Together, the difference between your total assets and your total liabilities makes up your net worth.

Your number will either be positive or negative, depending on your financial situation. For example, if you have a lot of student loan debt, you’ll probably have a negative net worth until those loans are paid off. And if you have little to no debt, you’re more likely to have a positive net worth.

How Do I Calculate Net Worth?

To figure out your current net worth, you need to gather up all the information about your current assets and current liabilities. From there, you’ll have a starting figure to begin tracking your net worth for the years to come! (Remember, net worth changes over time, so this is a calculation you’ll have to do often if you want an up-to-date picture of your total net worth.)

There are a few different ways to calculate your wealth. For one, you can bust out some paper and a pencil and make lists of your assets and liabilities. When you’re done, subtract your total liabilities from your total assets to arrive at your final number — the total amount is your net worth.

Although it’s easy enough for a one-time calculation, the paper-and-pencil method isn’t the most sustainable way to track your net worth over time. An alternative to writing it out is to create a net worth statement using an Excel spreadsheet, which will do all the math for you and neatly organize your numbers into rows and columns. The spreadsheet method also sets you up for tracking your net worth in the future — more on that in a minute.

[Here’s the exact Excel template J Money uses — download it and start your own net worth tracking:  J’s Financial Snapshot]

How to Use Personal Capital and Mint to Calculate Net Worth

If you’re not really into spreadsheets or math, several apps and tools will do the net worth calculation for you. 

Two of the most popular options are Personal Capital and Mint.

Personal Capital is a free app that does many things, including calculating net worth through a tool called the Net Worth Calculator. The app allows you to connect to your financial accounts, which provides the numbers needed to do the calculation.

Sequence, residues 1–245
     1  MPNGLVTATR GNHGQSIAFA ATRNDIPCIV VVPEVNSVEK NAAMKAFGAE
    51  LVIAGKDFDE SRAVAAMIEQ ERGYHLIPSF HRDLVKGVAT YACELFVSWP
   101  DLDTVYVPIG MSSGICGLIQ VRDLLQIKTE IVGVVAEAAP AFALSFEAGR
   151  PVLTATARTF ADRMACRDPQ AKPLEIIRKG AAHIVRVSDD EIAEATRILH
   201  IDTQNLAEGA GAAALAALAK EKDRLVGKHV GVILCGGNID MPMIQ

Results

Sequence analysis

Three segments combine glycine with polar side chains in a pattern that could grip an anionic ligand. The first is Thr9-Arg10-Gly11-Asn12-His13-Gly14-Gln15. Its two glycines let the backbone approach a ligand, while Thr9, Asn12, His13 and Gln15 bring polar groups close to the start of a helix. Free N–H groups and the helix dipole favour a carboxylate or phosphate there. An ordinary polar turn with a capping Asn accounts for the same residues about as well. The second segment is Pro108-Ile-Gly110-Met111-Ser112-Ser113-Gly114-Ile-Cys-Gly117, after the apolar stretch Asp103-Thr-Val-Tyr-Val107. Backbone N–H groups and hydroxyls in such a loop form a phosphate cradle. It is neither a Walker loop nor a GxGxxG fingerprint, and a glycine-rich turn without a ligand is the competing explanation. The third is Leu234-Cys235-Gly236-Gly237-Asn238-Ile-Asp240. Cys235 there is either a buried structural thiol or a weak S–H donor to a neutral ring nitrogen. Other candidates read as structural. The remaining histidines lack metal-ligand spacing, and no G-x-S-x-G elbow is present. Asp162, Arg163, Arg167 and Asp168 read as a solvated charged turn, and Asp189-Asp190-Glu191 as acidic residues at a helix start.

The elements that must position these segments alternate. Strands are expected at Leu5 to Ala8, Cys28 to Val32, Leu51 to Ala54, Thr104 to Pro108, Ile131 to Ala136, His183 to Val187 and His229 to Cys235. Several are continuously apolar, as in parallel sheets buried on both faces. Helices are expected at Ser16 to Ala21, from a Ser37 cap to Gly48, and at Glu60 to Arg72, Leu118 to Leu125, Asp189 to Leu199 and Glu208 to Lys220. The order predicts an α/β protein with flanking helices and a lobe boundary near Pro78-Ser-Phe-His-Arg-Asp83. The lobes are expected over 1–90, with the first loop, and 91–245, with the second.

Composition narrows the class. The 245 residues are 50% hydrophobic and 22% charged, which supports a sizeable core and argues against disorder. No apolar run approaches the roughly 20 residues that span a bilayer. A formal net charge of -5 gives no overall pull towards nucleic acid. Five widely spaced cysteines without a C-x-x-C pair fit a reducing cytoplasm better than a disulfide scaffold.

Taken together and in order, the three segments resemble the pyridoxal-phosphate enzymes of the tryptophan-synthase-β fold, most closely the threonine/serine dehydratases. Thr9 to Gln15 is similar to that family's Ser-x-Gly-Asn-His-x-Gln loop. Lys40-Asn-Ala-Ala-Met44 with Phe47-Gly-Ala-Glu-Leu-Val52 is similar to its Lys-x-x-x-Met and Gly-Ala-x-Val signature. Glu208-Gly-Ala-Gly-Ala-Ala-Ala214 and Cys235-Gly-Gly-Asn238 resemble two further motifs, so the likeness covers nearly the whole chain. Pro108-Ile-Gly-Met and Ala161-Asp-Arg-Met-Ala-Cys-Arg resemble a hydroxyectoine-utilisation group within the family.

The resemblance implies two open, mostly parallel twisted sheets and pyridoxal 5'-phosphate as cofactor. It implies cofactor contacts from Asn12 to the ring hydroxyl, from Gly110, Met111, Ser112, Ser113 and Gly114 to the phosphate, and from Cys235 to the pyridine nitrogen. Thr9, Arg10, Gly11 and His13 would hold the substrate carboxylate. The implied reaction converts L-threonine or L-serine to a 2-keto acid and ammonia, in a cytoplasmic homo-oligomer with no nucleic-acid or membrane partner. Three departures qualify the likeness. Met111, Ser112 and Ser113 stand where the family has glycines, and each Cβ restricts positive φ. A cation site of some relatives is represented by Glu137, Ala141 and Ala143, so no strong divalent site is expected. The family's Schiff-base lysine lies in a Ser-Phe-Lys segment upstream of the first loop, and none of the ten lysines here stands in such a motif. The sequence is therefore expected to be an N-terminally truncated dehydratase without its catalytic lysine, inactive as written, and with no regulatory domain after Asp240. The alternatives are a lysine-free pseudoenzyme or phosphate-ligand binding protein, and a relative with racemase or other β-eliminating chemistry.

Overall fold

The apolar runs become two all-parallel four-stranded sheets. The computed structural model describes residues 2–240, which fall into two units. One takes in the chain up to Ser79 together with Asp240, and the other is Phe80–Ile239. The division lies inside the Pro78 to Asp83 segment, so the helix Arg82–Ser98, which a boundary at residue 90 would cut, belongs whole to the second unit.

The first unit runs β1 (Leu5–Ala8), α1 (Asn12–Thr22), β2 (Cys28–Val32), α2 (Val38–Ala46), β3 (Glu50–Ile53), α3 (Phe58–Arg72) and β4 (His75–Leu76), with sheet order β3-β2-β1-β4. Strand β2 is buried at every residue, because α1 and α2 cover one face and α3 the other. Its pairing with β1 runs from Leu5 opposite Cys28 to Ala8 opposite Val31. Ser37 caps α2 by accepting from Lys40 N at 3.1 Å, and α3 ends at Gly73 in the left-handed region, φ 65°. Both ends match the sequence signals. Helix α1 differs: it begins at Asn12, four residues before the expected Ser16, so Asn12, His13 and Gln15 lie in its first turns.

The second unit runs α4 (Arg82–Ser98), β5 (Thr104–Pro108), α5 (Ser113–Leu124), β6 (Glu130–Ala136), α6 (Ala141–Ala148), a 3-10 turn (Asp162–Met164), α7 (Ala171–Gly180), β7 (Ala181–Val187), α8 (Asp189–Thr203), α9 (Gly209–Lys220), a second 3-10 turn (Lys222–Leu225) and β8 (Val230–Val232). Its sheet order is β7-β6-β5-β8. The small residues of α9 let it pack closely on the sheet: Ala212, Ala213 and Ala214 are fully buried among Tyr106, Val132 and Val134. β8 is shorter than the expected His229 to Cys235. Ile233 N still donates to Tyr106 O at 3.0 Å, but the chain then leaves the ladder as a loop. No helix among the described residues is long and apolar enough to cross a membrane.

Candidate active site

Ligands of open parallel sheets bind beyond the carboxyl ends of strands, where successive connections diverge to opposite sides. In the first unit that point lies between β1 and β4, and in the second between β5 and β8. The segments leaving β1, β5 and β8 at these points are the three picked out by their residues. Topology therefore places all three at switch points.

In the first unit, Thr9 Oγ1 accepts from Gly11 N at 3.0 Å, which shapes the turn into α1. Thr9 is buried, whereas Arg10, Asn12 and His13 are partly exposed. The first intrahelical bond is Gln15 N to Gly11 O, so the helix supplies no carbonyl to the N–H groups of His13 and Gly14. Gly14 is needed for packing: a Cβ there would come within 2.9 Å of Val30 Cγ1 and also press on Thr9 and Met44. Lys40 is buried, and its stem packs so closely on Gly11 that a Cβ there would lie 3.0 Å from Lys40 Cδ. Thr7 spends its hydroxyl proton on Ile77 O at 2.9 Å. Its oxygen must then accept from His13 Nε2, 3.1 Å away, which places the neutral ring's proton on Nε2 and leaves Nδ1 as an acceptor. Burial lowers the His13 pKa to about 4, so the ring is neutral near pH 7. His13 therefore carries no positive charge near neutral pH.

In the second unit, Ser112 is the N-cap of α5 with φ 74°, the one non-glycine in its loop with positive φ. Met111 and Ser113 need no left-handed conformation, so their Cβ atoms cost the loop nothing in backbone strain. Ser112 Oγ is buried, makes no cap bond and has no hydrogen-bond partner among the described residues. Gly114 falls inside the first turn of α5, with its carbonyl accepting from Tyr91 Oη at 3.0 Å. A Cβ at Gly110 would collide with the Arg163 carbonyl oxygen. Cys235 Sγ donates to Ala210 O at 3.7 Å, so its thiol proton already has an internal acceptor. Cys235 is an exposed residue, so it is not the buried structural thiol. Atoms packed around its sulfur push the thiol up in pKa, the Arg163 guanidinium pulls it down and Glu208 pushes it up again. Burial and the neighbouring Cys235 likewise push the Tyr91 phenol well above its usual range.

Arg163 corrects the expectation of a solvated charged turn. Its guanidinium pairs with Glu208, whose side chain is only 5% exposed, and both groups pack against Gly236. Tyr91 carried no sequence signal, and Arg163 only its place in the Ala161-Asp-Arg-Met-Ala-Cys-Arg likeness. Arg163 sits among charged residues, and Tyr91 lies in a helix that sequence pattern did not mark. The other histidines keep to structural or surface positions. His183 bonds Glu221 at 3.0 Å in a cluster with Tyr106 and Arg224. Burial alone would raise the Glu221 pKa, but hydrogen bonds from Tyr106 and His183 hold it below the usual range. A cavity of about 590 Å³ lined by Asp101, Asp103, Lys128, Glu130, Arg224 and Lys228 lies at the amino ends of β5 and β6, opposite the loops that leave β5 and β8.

Personal Capital will let you compare your net worth with the average net worth in your tax bracket or age group, which is great if you want to see where you stand.

[See our review of Personal Capital]

Another free app is Mint, which calculates net worth and contextualizes it with other factors like your credit score and budget. If you allow Mint to link up to your financial accounts, it determines your net worth and tracks its changes in a section of the app.

Mint’s “all in one place” model lays out all your assets and liabilities, allowing you to clearly view what’s helping you — and what’s holding you back — in your personal finance journey. 

Both apps tap into your financial information to calculate your net worth, but remember that this number is bound to change over time, so you’ll have to check the apps frequently to see your changes over time. No matter where your starting point is, tracking your net worth lets you understand these changes.

Why Should I Bother Tracking It?

So, now you know your net worth. Having your number is a huge step in the right direction! Now it’s time to track it, like J Money did.

Why would anyone bother tracking his net worth over 11 years? Easy: It shows your progress as you work to increase your assets and decrease your liabilities. Financial independence takes time and is a work-in-progress journey … monitoring your numbers shows your commitment to the journey.